So yes, the 5 km today. My time was 1:05:28 (chip) 1:05:35 (gun). I know it's actually not that great (compared to others) but seeing as my goal was to finish it in under 1:15 I'm quite happy. Not only did I do faster than I thought but I wasn't dead last. Not in my age or gender category. Actually there were still a chunk of people behind me. With 15,000 people in this "race" I was never alone. Unlike the May race there I was in the last 100 on the pavement, there were still thousands of people behind me. It actually felt awesome. Unfortunately I wasn't able to have my "transcendence" race all to myself. With that many people you end up talking to many folks, especially in the sick and disabled start. One woman was on high flow oxygen and we chatted for a bout 50 meters. She's waiting for a set of lungs in Toronto. She came (home) to do the race. That was so awesome to see. Another woman I met is now 'retired' from the military and has pain every day. Of course Rick Hanson (Canada's "man in motion") was at the start line in the "Sick/Injured" category ~ the one I was in. I was a few feet from him but I didn't bother getting a picture before hand as I was trying to deal with the thousands of folks there. For the first kilometre I really wanted to quit. I was already in pain and there was too much pomp & circumstance (in the way of thousands of participants and as many people cheering on). By the half way mark I really started appreciating the spectators. I had walked part of the (end) course a few times before so I knew when we were less than 1.5kms from the finish line. I put my power songs and and pushed it. Of course, me belle, along with other soldiers, were there handing out medals. She gave me mine and I puttered out. Sweaty, tired and high. I've never experienced an athletic high before. Now I have.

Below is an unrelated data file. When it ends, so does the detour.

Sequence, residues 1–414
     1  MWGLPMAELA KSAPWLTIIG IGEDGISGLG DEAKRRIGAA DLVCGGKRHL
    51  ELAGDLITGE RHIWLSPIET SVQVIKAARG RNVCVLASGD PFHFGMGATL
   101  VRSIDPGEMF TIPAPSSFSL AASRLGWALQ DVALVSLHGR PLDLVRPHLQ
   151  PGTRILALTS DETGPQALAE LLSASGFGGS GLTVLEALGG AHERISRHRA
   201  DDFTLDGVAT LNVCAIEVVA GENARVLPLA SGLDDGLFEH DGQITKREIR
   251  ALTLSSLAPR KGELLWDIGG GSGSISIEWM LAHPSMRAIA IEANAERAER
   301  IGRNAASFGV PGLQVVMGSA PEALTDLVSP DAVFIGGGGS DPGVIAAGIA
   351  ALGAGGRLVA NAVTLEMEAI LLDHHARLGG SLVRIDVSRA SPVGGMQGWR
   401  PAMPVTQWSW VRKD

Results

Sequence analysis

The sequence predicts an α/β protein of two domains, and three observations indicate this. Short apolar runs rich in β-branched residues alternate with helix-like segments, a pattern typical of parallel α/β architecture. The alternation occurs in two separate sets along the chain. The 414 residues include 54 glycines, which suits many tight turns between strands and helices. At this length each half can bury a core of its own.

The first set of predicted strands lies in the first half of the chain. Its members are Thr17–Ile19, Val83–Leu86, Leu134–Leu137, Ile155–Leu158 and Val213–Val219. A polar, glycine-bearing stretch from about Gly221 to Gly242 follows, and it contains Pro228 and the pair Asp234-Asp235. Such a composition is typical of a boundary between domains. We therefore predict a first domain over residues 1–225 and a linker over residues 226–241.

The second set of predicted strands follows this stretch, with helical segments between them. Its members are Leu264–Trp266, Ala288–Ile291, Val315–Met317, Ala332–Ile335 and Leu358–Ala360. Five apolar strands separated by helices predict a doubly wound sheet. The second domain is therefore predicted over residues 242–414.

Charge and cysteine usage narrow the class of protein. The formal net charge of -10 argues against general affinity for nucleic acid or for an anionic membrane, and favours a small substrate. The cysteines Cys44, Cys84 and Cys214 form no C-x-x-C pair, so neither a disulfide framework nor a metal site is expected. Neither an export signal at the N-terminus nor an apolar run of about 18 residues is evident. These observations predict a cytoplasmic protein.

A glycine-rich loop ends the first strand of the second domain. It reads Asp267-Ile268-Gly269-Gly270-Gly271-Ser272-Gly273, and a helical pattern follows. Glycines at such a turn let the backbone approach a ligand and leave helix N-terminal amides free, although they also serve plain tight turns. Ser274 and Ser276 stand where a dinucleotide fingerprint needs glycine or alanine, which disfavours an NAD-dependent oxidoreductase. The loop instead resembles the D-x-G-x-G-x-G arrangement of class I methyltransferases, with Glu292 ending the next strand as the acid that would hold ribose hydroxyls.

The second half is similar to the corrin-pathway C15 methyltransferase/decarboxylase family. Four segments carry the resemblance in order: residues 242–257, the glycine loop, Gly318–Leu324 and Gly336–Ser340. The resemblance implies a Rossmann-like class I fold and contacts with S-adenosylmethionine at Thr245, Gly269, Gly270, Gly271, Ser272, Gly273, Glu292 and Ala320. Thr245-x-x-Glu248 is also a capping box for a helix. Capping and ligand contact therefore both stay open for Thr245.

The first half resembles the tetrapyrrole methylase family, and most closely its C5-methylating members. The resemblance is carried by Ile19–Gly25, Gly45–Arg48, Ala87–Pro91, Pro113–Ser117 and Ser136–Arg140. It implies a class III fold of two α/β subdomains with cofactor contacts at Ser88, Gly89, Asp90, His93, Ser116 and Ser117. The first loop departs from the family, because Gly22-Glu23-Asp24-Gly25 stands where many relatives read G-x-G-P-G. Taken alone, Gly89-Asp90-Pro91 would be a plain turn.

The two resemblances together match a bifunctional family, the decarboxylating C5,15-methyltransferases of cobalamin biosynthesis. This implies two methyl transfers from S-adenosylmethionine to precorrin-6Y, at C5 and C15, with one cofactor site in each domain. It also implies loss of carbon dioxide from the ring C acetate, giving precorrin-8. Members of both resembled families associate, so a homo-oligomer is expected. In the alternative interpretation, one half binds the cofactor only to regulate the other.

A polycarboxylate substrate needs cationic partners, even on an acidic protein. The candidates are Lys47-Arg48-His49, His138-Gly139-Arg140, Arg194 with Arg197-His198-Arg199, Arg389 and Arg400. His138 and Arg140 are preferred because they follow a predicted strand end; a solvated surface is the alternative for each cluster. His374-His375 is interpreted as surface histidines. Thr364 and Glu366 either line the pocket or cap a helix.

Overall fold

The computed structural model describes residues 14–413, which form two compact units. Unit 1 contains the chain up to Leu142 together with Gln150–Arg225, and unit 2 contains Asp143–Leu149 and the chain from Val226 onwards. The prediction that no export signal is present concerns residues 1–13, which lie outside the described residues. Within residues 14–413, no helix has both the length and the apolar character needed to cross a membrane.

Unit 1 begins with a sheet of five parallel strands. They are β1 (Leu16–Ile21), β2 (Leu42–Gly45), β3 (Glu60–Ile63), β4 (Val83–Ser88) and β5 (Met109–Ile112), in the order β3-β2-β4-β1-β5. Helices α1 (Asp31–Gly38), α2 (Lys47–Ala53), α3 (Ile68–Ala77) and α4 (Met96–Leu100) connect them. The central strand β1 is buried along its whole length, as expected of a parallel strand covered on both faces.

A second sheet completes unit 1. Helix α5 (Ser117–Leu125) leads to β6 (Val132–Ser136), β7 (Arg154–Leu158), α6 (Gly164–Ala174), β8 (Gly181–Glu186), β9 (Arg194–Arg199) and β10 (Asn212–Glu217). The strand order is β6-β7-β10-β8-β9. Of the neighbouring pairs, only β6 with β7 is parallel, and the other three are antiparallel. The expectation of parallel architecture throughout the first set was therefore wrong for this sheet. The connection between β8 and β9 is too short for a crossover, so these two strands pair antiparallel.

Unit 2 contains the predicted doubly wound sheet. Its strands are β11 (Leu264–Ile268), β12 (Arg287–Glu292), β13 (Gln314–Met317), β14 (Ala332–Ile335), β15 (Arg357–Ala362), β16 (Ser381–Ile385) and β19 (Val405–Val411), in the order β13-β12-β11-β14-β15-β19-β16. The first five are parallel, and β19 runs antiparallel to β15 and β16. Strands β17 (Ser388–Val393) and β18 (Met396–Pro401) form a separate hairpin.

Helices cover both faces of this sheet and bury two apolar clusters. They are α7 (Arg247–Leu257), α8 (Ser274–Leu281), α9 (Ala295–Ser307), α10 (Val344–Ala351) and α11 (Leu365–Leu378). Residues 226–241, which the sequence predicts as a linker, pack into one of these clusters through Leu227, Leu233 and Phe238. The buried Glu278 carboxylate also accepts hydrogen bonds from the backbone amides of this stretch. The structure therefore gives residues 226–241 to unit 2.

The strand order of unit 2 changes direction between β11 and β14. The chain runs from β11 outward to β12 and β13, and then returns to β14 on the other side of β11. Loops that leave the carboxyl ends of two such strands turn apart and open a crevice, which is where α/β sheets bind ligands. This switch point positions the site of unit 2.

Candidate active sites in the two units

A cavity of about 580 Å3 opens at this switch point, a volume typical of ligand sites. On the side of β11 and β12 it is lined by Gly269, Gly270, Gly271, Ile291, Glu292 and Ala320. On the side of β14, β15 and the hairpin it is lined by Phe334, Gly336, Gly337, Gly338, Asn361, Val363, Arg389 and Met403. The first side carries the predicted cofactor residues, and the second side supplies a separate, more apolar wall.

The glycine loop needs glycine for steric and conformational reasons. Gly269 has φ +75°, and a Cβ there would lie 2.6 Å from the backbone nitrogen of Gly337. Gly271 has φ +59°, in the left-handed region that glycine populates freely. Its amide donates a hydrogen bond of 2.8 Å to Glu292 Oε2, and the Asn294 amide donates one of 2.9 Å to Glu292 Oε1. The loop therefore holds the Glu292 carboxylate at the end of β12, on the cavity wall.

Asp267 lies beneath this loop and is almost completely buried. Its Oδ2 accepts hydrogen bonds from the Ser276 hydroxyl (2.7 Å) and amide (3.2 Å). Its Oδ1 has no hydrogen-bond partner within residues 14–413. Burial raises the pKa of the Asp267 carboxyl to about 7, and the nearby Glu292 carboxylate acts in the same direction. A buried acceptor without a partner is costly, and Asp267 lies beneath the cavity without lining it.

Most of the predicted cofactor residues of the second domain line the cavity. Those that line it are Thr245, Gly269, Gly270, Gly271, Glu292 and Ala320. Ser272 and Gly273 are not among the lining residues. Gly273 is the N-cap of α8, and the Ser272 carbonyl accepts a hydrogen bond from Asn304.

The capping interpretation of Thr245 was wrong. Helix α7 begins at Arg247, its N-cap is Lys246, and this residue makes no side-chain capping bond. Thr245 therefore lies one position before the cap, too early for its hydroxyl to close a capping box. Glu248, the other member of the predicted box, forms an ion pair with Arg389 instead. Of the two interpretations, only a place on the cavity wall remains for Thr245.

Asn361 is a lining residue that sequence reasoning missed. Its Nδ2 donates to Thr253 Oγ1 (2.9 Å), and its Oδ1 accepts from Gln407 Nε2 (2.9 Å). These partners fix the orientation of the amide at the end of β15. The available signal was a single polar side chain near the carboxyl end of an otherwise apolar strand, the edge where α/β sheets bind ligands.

My whole walk was a metaphor of my journey thus far and to come. Once you push through the fear you can do so much more than you ever thought. It's not easy. No one ever said that, however it is possible. So many people give up and I'm glad I didn't. Though I would have preferred to have a solitary race, I am appreciative of the stranger I met at the beginning that motivated me to keep going. She represents all of the friends, acquaintances, loved ones and general great folk that have motivated me to keep pushing forward. I have to mention though, someone who has motivated me long before we ever met "physically": my nephew. Being my brother's son, he has my eyes (my bother and I have the same eyes/shape/colour/long lashes) so when I look into his eyes some days, it feels like I'm looking back at my inner child. He is the most precious being that has graced my life the past 11 months.

Friday, September 19, 2014

5k goals

Earlier in the year I gave thought to how I would become strong enough to endure open heart surgery or, basically regain my strength from a palliative year. Through Cardiac Rehab I realized that I really enjoyed walking. At least I did earlier in the year since I couldn't really do much of it last year. On a very lucky day ma belle would stick me in a wheelchair with a bigger oxygen cylinder (my requirements at the time) and we'd go around the block. It was such a gift- it meant the world to me. It may have only been a block away around the crescent but I felt like I was out in the world since I rarely got that opportunity .
So, while in rehab I gained strength. At first it came slowly and I was moving faster than the white haired ninety year-olds. It was so hard to accept my limitations. My spirit was so much faster than my body in January. Now here we are nine months later and I'm about to walk 5kms. I know for most people that's an evening's stroll. For me, I "trained" for 6 months. Towards the end of my rehab, my physiotherapist and I designed a program to increase my strength, and motivation to get stronger but stay positive and patient. I used short walks/races as motivation to get me from one marker to the other. I started with the 2k during Canada's biggest race-weekend in May. I think the biggest increase in ability and strength happened between the first few months to 2 kilometres. I really noticed the changes. For one, I would have less and less discomfort carrying my O2 cylinder. Now I barely notice it sometimes. It's more of a nuance than anything but the strength is now there to carry it everywhere.